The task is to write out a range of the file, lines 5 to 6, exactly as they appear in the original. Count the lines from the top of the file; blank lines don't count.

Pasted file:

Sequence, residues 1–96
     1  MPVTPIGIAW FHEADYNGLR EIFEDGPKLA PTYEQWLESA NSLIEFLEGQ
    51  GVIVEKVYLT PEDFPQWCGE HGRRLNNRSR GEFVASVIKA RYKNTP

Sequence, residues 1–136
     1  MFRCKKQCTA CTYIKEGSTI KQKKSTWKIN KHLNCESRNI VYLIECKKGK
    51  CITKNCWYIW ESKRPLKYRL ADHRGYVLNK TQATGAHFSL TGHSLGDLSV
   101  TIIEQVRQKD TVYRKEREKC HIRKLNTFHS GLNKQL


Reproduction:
     1  MFRCKKQCTA CTYIKEGSTI KQKKSTWKIN KHLNCESRNI VYLIECKKGK
    51  CITKNCWYIW ESKRPLKYRL ADHRGYVLNK TQATGAHFSL TGHSLGDLSV